After we add the SPF, DKIM, DMARC, and MX records to Evilginx, the email now displays a new ‘signed-by’ header.

Before and after, as shown in Gmail for the Evilginx Fork:

The mail before we add the SPF, DKIM, DMARC, and MX records to the Evilginx fork tool
The mail before we add the SPF, DKIM, DMARC, and MX records to the Evilginx fork tool
After we add the SPF, DKIM, DMARC, and MX records in the Evilginx fork tool, the email now displays a new 'signed-by' header.
After we add the SPF, DKIM, DMARC, and MX records in the Evilginx fork tool, the email now displays a new ‘signed-by’ header.

Debug

Lastly, you can run evilginx in the debug mode (with the -debug flag) and investigate at start the loading of your DNS yaml config file. Moreover, you can see when you receive DNS records from 3rd parties or yourself using a tool such as ‘dig’:

The loading of the dns_records.yaml file at start time in evilginx in debug mode.
The loading of the dns_records.yaml file at start time in evilginx in debug mode.
Evilginx in debug mode showing the DNS MX and A queries made with the 'dig' tool from a terminal: "dig +short MX <yourdomain>.com"
Evilginx in debug mode showing the DNS MX and A queries made with the ‘dig’ tool from a terminal: “dig +short MX <yourdomain>.com”

Features

Current Features

Now that Evilginx supports a DNS config yaml file, you can add the following DNS records to improve sender’s reputation:

  1. TXT
  2. MX
  3. CNAME
  4. A
  5. AAAA

Examples of a DNS yaml config file:
Note: Replace ‘yourphishingdomain’ with your domain.

txt_records:
  yourphishingdomain.com.:
    - ttl: 360
      value: "v=spf1 include:spf.protection.outlook.com ip4:148.163.0.0/16 ip4:67.231.0.0/16 ~all"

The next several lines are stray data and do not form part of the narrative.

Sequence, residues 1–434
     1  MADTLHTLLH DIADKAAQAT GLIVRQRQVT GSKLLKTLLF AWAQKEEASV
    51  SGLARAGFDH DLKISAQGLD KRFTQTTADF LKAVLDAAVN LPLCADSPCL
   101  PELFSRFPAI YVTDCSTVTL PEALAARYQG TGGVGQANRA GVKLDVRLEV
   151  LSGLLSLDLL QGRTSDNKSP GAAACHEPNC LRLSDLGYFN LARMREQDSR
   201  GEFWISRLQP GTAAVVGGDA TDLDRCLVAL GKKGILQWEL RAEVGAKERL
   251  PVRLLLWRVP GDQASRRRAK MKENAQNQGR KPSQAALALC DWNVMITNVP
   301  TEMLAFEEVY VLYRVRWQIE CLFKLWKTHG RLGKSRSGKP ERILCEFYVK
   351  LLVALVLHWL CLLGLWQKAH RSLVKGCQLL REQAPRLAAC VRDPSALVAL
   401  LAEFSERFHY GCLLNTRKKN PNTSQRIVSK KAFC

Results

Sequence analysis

_dmarc.yourphishingdomain.com.:
    - ttl: 1
      value: "v=DMARC1; p=none"
  selector1._domainkey.yourphishingdomain.com.:    #from cname  
    - ttl: 1
      value: >
        v=DKIM1; k=rsa; p=MIIBIjANBgkqhkiG9w0BAQEFAAOCAQ8AMIIBCgKCAQEA3fMuLsest6PUWWRMgkdJfyqPXYByC+806Buq7zI1AQqhuMdBhMUfCHgIqmrmUgPXgLRmiFKs5vM3882qXauKCIS2vPaBZiBCJ21IykFXHknnMC6NFpkK3q0FD+r0gVxuuyuo/VCI5ZhigbLOlhjabG05LnWvfuXRlk9E7g8jgSfjQvaET8FamGBvZLuFsci69zM0dUPcy6/SK18q4QF/UNlByMVLiNbeS1byH1Es0oToCLIC3v+vX2X24Q2PymoCu0E6aPs1IWtNQt19L3/4Bvymz8x+ytGnbgmsYj87/TP2QyGGsk+PLewAQ9c3fJ5eMXGRg6AAddNx442JZkC6rQIDAQAB;
  selector2._domainkey.yourphishingdomain.com.:    #from cname  
    - ttl: 1
      value: >
        v=DKIM1; k=rsa; p=MIIBIjANBgkqhkiG9w0BAQEFAAOCAQ8AMIIBCgKCAQEA2BtLMzp7iuEpdFh+f4A7ajY0WqEEzeIDZlQVfmsO8t61Yti1lldXIf/o+VG4FBCvrC71nR4upW9eUDhIk4MHDLLXA0vQ4BERKiET6TVhKtCGwrMXqALRngvjmOwdG8hhZkdh3pPLl4v9Gjv9NkgT9XqdBYHksWy7keIMIngrH3WZXNEpMUkcoguZDUe8P90uwilpyN2apvOoXPW9wxx4vkhy7SKuV7VXmW7V8I01Qx3sjLhH8vh1vlxzMZusjsKFLz3IyAAx71FmJWtnernS1a6u9YQcEayoubzwJEPcaUNJF6S8EVeJb8SXyPMn/HmNfRX/gs12LCGox7U9snPN5QIDAQAB;

# cname_records:
#  selector1._domainkey.yourphishingdomain.com.: "selector1-yourphishingdomain-com._domainkey.NETORGFT15995168.onmicrosoft.com."
#  selector2._domainkey.yourphishingdomain.com.: "selector2-yourphishingdomain-com._domainkey.NETORGFT15995168.onmicrosoft.com."

mx_records:
  yourphishingdomain.com.:
    - preference: 0
      ttl: 1
      value: "yourphishingdomain-com.mail.protection.outlook.com."

aaaa_records:             
  yourphishingdomain.com.:
    - ttl: 1
      value: "aaaa:bbbb:cccc:dddd::1111:2222"

a_records:            
  yourphishingdomain.com.:
    - ttl: 1
      value: "179.129.1.1"

Possible new features

To add PTR records support too – if there is a need/demand for it. So far I did not find a reason related to improving sender’s reputation. Currently there is a ‘bug’ somewhere in a more upstream function that ‘rejects’ PTR queries from being solved by the same function that does all the other queries such as: TXT, CNAME, A, AAAA, MX.